Zhang Min - HIs jumps seem to be for distance rather than up in the air. Too bad about the fall on the quad but it was all the way around. He does perform the choreographic moves but doesn’t have much presence on the ice. I found myself losing interest at the end.

Timothy Goebel - That smile! Great program for Timothy. The quad salchow was a good one - maybe a quarter turn short but not more and in those days that didn’t matter a bit. He always had a very good sit spin position, on both legs. Timothy was the first skater where I was aware that they “fixed” a technique problem. He always had problems with his axel and when he went to Frank Carroll, Frank was able to find a method where Timothy could not only land the axel but do it well.

Ivan Dinev - It’s a tango - have I mentioned I don’t like tangoes? I didn’t remember Ivan having such high jumps. Lots of air under that axel. I wish all the men who tried quads had planned for a different combination in case of a fall. So few succeeded. I loved the flying sit spin - great height and good position. It was an effective program. Plushenko’s marks should have been closer to Dinev’s or vice versa.

Zoltan Toth - Disappointing that he could land a quad combination (even though the quad was two footed), but didn’t even try a 3axel. I thought the music did him a disservice. It was pretty but way too even with no highlights or places of emphasis. His presentation got completely lost in all the sameness.

Angelo Dolfini - Has a natural, dapper, confident presence on the ice that is attractive. I loved the position on the first of the sit spin - powerful and strong. The music and the performance worked. Jumping was not his strength. He seemed very happy to be on his feet after the Axel.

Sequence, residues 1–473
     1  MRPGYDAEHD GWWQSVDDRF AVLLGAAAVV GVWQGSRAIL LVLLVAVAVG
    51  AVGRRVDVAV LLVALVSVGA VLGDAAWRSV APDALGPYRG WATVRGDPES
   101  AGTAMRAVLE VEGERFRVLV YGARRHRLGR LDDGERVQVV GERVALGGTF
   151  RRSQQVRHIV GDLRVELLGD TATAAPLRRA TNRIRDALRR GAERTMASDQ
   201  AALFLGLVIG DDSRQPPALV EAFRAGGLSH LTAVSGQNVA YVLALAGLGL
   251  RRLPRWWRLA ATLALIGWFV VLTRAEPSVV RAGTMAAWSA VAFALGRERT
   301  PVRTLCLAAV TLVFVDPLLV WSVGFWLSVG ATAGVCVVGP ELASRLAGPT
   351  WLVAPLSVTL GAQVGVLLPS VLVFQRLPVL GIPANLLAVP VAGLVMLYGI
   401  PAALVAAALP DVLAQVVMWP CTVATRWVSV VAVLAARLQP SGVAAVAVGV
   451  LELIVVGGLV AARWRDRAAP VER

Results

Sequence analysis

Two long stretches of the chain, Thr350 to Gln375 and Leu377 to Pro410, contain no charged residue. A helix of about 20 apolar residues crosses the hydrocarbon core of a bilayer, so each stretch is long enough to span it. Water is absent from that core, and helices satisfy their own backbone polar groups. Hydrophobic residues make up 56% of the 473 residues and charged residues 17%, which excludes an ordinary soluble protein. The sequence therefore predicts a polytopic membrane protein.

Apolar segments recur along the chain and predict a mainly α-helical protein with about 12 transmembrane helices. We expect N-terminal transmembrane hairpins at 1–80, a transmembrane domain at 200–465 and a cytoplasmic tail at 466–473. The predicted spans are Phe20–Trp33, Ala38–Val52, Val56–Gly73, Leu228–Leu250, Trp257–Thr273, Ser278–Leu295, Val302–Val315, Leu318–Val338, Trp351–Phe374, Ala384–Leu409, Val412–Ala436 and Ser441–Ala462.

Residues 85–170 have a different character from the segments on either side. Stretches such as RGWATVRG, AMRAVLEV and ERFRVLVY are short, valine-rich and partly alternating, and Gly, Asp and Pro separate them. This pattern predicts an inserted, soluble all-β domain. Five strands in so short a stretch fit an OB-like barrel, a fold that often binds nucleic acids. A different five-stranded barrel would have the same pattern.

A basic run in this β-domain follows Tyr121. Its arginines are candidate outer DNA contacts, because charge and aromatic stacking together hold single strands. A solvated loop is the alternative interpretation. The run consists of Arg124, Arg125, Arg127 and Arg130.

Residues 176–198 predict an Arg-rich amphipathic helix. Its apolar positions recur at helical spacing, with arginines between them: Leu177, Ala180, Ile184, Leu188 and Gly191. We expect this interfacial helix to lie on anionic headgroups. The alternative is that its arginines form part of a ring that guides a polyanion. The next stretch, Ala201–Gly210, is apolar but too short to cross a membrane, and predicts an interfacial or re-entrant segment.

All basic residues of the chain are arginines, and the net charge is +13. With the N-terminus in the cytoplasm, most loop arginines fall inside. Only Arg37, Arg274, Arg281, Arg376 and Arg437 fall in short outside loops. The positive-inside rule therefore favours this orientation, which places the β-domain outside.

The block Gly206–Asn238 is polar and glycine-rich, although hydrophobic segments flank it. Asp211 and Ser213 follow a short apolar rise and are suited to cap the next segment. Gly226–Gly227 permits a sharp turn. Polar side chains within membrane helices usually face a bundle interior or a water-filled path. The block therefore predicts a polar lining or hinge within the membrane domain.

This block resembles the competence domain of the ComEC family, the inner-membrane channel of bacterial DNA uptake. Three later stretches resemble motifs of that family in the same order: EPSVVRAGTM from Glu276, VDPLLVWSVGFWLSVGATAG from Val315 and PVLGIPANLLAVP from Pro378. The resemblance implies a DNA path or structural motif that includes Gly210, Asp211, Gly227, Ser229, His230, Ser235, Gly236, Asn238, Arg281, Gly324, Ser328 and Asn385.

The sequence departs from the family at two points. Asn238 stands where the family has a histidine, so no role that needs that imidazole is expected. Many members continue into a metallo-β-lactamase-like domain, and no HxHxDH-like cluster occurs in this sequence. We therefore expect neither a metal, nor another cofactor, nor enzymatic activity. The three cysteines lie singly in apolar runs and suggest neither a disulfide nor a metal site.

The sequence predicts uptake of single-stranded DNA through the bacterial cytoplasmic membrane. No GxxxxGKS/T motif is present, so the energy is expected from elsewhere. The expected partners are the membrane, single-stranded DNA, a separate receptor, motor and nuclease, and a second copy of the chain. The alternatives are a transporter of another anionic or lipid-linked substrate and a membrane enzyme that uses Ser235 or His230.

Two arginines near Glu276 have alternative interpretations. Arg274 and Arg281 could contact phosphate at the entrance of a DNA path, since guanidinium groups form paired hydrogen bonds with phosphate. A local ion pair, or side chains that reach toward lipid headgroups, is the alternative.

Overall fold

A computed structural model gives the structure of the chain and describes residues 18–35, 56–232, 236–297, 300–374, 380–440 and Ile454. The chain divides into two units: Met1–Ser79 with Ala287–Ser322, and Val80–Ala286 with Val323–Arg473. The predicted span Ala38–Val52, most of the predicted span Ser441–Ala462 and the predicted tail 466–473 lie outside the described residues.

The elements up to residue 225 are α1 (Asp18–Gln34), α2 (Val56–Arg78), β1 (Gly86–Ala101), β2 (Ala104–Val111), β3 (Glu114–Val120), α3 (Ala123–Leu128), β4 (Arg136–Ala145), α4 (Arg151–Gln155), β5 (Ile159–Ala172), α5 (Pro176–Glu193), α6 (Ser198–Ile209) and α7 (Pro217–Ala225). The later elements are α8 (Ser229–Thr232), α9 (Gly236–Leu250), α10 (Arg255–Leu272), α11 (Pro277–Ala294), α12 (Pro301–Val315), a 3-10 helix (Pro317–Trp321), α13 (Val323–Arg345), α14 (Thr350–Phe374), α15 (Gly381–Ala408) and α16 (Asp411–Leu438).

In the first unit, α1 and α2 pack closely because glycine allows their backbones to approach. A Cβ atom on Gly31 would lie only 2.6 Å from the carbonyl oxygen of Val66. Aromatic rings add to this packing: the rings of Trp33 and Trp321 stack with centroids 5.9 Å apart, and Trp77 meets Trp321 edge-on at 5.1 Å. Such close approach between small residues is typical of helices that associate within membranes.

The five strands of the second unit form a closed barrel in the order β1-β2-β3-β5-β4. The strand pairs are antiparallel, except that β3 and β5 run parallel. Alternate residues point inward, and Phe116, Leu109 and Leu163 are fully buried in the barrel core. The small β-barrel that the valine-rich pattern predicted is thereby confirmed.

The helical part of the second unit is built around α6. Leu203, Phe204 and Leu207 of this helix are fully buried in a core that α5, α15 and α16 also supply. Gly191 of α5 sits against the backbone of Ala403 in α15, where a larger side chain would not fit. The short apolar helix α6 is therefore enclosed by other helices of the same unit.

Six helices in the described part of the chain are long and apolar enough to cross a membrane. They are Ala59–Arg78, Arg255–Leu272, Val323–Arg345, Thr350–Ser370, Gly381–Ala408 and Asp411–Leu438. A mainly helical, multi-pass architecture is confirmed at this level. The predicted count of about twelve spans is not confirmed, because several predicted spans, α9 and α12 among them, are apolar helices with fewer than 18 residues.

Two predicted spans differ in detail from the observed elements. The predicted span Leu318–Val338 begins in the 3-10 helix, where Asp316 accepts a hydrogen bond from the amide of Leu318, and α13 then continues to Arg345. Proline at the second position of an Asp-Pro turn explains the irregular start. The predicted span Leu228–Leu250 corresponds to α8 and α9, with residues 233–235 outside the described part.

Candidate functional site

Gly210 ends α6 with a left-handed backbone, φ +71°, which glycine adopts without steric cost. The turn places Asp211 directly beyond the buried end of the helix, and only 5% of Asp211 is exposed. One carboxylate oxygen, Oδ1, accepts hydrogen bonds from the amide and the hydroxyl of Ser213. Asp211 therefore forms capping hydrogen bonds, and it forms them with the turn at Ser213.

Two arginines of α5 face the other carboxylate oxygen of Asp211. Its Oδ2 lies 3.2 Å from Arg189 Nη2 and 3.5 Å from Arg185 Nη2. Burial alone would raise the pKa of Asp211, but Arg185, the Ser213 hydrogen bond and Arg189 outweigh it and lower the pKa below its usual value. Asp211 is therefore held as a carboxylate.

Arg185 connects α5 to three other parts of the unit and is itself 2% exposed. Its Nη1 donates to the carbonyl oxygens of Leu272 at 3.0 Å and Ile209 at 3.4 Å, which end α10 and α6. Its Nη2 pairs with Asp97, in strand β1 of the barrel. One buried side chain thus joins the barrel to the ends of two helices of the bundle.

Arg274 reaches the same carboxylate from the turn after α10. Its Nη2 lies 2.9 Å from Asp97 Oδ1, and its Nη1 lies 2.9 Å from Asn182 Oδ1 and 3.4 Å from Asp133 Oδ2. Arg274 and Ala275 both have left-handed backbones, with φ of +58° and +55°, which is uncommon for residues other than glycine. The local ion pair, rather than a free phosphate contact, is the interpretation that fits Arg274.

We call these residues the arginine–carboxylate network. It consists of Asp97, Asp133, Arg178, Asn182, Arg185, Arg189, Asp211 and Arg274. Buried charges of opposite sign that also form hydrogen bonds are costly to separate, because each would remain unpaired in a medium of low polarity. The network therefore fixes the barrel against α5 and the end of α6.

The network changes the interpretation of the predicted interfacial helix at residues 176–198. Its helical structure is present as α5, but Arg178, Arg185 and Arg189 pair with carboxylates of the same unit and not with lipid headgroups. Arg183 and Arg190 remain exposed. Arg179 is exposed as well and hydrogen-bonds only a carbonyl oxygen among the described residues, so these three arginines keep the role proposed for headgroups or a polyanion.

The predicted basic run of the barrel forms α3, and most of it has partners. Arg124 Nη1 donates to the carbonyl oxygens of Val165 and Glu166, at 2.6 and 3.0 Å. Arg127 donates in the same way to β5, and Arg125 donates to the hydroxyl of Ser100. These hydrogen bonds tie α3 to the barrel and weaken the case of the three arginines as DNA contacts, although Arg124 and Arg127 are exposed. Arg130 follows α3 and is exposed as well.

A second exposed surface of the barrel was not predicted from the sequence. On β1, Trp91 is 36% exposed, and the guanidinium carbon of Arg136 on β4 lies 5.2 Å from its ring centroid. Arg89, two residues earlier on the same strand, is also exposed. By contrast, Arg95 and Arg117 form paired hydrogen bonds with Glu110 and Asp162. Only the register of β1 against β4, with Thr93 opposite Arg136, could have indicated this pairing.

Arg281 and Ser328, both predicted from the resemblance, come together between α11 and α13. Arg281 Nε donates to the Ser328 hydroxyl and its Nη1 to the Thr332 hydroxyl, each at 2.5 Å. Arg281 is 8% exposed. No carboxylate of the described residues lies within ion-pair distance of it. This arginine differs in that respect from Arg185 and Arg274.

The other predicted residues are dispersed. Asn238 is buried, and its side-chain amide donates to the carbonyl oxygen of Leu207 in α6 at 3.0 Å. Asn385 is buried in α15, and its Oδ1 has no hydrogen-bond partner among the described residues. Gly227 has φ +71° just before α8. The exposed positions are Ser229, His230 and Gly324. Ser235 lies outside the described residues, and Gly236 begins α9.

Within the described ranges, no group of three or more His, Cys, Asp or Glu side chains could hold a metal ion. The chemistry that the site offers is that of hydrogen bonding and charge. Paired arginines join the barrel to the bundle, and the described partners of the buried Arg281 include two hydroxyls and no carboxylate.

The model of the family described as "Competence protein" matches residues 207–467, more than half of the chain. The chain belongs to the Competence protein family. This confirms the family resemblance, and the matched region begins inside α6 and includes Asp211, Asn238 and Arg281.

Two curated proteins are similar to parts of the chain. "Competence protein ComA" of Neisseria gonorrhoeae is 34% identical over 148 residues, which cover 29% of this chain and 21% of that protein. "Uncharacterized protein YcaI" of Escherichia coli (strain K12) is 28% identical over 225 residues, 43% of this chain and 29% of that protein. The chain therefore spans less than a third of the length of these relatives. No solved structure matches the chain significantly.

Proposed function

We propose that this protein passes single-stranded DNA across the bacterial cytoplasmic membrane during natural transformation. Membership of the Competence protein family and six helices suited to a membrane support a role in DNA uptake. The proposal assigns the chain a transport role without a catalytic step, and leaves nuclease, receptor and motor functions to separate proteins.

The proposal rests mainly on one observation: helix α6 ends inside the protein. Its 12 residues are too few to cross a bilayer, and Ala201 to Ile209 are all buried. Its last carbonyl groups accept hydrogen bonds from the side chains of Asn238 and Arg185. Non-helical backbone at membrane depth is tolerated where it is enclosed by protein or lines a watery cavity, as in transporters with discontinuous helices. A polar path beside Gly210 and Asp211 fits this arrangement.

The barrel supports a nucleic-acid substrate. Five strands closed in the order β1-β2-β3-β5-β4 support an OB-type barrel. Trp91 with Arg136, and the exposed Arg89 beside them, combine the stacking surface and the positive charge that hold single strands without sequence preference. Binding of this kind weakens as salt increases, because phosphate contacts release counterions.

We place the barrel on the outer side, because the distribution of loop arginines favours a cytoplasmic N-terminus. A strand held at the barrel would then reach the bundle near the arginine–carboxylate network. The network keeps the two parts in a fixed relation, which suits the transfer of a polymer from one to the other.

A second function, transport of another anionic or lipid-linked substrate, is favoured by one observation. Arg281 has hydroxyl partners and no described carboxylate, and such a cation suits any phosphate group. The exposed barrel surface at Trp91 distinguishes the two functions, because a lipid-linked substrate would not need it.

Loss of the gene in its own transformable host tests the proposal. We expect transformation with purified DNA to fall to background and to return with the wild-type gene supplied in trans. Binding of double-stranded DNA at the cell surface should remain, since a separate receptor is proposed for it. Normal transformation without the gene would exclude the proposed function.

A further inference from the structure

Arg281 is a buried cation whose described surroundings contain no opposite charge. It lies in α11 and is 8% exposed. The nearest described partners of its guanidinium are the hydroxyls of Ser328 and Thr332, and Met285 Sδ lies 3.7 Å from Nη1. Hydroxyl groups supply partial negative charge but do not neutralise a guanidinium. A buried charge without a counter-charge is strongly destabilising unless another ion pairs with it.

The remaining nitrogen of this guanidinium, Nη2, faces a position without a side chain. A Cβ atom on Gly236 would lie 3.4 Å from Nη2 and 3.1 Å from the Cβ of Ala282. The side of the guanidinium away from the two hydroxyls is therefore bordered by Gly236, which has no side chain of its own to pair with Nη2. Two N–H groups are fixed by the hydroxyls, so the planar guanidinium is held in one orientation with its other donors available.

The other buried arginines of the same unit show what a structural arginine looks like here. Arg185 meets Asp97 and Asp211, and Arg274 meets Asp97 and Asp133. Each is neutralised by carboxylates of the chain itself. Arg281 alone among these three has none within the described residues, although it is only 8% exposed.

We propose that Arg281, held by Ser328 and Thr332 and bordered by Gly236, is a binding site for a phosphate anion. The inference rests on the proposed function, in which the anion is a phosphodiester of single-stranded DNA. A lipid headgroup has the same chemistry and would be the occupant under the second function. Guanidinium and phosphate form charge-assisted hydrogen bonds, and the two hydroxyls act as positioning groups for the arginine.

Ice make. Group 5 warm-up.

Alexander Abt - Should have been ahead of Plushenko. His quad combination was as good as anyone’s except Yagudin and maybe Honda. His triples were all slightly under-rotated, but those things weren’t watched then. And there is a much younger Rafael Arutunian with the familiar shake of the head and an unfamiliar jacket and tie. I remember at the time, I just shrugged this off. It’s still all I can do.

Todd Eldridge - It ‘s hard to watch this now. It’s hard to see Kristi emotional at the end. It wasn’t so much the quad (it looked all the way around, by the way), it was the Axel - could have been, and so often was, glorious. I always loved his spins and the footwork and music were very effective. The scratch spin at the end was wonderful. There are other performances from the season that I prefer to watch.

Frederic Dambier - I didn’t remember he had a quad salchow. It was pretty good - all the way around. I would have been great if he could have managed a 3toe after instead of a 2toe. Too bad about slipping off that axel. I wasn’t captivated by the rest of it although I do like the music.

Kevin Van Der Perren - Very good program for him and was he happy. One of the nicest (if not the best) of the 3Axel/3toe combinations of the day. Very easy and smooth. That said, his hands needed a lot of work not to mention his spins. In the current scoring system, he would have lost tons of points on those spins. Nice to see him so happy. He and Timothy Goebbel can fight it out over who’s reaction was the best.

Sergei Rylov - Everything looked like it needed work. He didn’t pull in on the jumps. The spin positions could have been much better. He did look like he had pretty good speed. He also looked like he was really hard on himself. Good to see him pull himself together, realize he as at the Olympics and wave to the crown.

Elvis Stojko - If I remember right, Elvis had a groin injury that he didn’t talk about till afterward. It was evident in the landing of the quad - so good that he was able to get the 3toe afterward. The axel was great. Elvis was never artistic, but he was a performer. He was very aware of the audience and played to them first. The bobble on the camel spin at the end - I wonder if that was injury related too. This Kodo Drums program was probably his most memorable.

And that’s it. The standings after the short were pretty right with the exception that Plushenko should have been in 6th or 7th at least. I wonder how the medals would have changed.


Banned Member
Heartbreaking short program for Todd. Attempting the quad in the short program was a questionable decision at best, but like you noted, his problem here was the 3A.

Unfortunately, even if he skated clean in both segments of the competition (without quads), the best he could have managed was fourth place if everything worked in his favor (including fair short program judging of Plushenko):